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Appian Takes The Next Step in Its Low-Code Evolution

Six months ago, low-code software provider Appian (NASDAQ: APPN) acquired Lana Labs, a process mining company based in Germany.

That was the first step in delivering what Appian calls the most complete low-code automation suite, and CEO Matt Calkins explained at the time that the company was acquiring Lana Labs for its technology. The move made sense as a way to build out Appian's low-code vision, which unites process mining, low-code/no-code workflows, and automation.

Process mining, as Calkins described on an earlier earnings call, is a technology that acts as an x-ray, examining usage logs to discover what work is being done and how it can be done more efficiently and be automated. There's a natural synergy between process mining and low-code workflows, as process mining serves an upstream need for low-code. Knowing how to make your processes more efficient is a natural first step before deploying low-code solutions. Once a company has data on its processes, it can use low-code workflows to automate them. Appian made an earlier acquisition of Robotics Process Automation (RPA) in January 2020, helping to build the downstream, automation-focused portion of its new low-code automation platform.

Image source: Getty Images.

Process mining goes live

Although Appian acquired Lana Labs in August, it hadn't been able to integrate its process-mining software into the company's larger software suite until it formally announced Appian Process Mining on Monday. During the preceding months, the company had to do its due diligence and make sure the product was ready to be sold under the Appian brand. In an interview, Calkins explained, "Remember that Appian is the high end of the market, and so any product we put our name on has to be scalable and easy to use, demonstrably low-code, that sort of thing." Coming six months after the Lana Labs deal, the launch of Appian Process Mining represents a big step for the company's low-code platform.

By combining low-code with process mining, the company is essentially connecting two markets that had long been independent. Calkins believes Appian is ahead of the market here and said his company has already received strong interest in process mining from many of its customers, though it hadn't been able to sell it until now.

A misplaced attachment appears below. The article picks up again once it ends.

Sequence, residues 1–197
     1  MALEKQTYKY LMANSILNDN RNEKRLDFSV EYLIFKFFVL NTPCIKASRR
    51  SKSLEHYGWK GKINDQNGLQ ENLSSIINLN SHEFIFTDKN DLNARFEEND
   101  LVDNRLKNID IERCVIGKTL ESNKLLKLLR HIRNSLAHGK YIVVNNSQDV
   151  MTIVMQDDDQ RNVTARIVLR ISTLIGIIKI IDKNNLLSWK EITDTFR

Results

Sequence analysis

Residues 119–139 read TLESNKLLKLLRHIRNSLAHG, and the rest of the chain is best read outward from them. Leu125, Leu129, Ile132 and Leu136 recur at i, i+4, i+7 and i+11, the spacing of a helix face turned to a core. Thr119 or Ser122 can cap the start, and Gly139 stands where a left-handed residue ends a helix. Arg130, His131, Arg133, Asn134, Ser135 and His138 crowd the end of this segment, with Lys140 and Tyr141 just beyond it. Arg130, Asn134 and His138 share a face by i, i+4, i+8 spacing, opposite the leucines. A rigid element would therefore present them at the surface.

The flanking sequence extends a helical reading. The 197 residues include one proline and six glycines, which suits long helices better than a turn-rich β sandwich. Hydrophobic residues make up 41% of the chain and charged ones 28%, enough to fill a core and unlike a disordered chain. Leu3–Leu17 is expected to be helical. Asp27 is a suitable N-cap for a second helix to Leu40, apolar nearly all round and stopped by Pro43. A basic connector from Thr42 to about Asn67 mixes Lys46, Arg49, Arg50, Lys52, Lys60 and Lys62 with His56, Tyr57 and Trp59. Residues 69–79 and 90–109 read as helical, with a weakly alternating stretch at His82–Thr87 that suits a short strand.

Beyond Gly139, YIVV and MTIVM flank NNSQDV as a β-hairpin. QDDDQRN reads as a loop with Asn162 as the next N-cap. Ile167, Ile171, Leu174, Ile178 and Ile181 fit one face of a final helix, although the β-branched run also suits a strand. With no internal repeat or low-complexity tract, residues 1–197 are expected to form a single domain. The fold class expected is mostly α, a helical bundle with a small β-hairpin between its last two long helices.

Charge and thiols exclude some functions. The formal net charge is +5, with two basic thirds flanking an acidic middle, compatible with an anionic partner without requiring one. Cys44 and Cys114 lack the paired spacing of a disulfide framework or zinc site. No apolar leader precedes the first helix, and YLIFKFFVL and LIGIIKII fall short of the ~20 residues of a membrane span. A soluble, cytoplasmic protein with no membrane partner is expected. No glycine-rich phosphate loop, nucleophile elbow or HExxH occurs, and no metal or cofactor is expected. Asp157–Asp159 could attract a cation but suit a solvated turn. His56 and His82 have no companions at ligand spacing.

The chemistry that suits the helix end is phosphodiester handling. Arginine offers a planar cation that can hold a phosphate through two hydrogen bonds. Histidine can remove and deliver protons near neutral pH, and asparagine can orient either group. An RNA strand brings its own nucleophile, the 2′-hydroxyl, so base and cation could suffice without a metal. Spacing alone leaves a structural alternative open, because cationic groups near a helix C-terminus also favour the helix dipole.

The launch of process mining and its inclusion in the Appian license should have several impacts on the company's business performance. Calkins expects it to drive additional demand for new licenses, set up an easy opportunity for upselling, and differentiate it from competitors, allowing for it to create more pricing power. Calkins noted that Appian's sales force was particularly excited about the prospects for new upsells from the addition of process mining.

Perhaps most importantly, the process mining integration gives Appian an edge over its competitors and a feature that they can't copy directly. Calkins noted that Service Now (Nasdaq: NOW), a large enterprise cloud software player, has added process mining, but it's only through an alliance with Celonis, not a direct integration like Appian has. And newer automation start-ups like UiPath (NASDAQ: PATH) and Automation Anywhere don't have the natural synergy Appian does since they're focused more on the automation end of the spectrum.

What it means for investors

Appian stock has been on a roller coaster over the last year as the stock soared to a high of $260 last January with the help of a short squeeze and a strong third-quarter 2020 earnings report. However, the stock has faded from that peak as its valuation seemed to be stretched, and it's since crashed down to around $50 per share as part of a broader trend that has seen other cloud stocks plunge as well.

At the current valuation, Appian is trading at a price-to-sales ratio of about 10, which seems like a good price for a sector leader growing its cloud subscription business at around 40% a year.

Appian didn't update its guidance with the announcement, but its fourth-quarter earnings report in February should provide more color on the process mining integration and what it means for Appian's growth in 2022 and beyond.

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Jeremy Bowman has no position in any of the stocks mentioned. The Motley Fool owns and recommends Appian, ServiceNow, Inc., and UiPath Inc. The Motley Fool has a disclosure policy.


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